As for the 7x multiplier… shop around – that’s what you can do when an OS is available from multiple vendors, rather than the heavily-controlled Apple approach ;-) You can currently get Windows 7 Home Premium from Tesco for £45 whereas Apple OS X 10.6 is £22.99 on Amazon (yes, you can pay more for other versions of Winodws 7, but Home Premium is the edition that’s aimed at consumers and directly comparable to OS X).

  3. The Tesco price is actually £70, although this is for the full version. Tesco don’t seem to stock the upgrade, but Amazon do and it’s £65, still more than twice the price of Snow Leopard.

    Even though most people didn’t buy Vista, it’s been “sold” installed on new PCs for the last two and a half years, and now holds nearly a 20 per cent market share. If the performance and security tweaks were in Vista SP1 and SP2, what do those 20 per cent of users get for their £65 for Windows 7?

    I have actually searched for an answer to this, and found very little evidence, in the Windows 7 reviews, of anything more than interface refinement. Obviously you’ve not written much yourself because of the pesky NDA, but perhaps now you could put your corporate hat on and tell me about the “load of new stuff”?

  4. Firstly, I may have been a little harsh on Ms. Trapani by calling her a fangirl… she does at least try and cover a variety of OS platforms in her work.

    Now, RTFM – the £45 for Windows 7 at Tesco took into account an offer code in the link I gave you in the comment above. If you read the post, you’ll see it’s no longer available but I’m sure there will be other offers. Even so, “more than twice” as much is very different to the “7 times more expensive” you originally quoted.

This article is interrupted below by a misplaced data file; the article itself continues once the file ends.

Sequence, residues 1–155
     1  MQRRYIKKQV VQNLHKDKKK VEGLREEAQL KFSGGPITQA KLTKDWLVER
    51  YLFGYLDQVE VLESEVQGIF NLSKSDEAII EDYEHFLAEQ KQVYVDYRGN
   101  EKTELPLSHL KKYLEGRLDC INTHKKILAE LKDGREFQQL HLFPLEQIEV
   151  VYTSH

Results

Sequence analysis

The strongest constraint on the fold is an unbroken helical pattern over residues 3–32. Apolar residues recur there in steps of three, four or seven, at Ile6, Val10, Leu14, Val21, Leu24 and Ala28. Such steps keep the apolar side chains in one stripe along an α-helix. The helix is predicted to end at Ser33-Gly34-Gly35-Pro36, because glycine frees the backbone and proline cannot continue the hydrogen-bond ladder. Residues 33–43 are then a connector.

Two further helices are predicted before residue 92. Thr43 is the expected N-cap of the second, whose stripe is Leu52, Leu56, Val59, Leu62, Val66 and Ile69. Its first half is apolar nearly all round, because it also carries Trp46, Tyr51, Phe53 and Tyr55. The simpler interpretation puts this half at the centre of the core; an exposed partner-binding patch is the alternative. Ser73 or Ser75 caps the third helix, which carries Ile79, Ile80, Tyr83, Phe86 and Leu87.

The point is that bugfixes and performance enhancements should be free (that’s what a service pack/point release is for) and even those who are normally favourable towards Apple are reporting Snow Leopard doesn’t have much new in it (or that it’s badly broken… although Merlin Mann does seem to have had a particularly hard time with his upgrades). Getting back to the point of this post, some less technical users might want to think twice before jumping in with both feet, even if they do eventually upgrade later.

    As for new features in 7, I’m tempted to swear at you now but know you’re just trying to wind me up… I have better things to do than write yet another “this is what’s new in Windows 7” post for you to criticise and leave me responding to at gone midnight after a 15 hour day at work. I seem to recall you actually quite liked it, until you realised that it actually enforced Windows Media DRM… so instead I’ll suggest you go and read the work of people like Paul Thurrott and Ed Bott, who actually write this stuff for a living.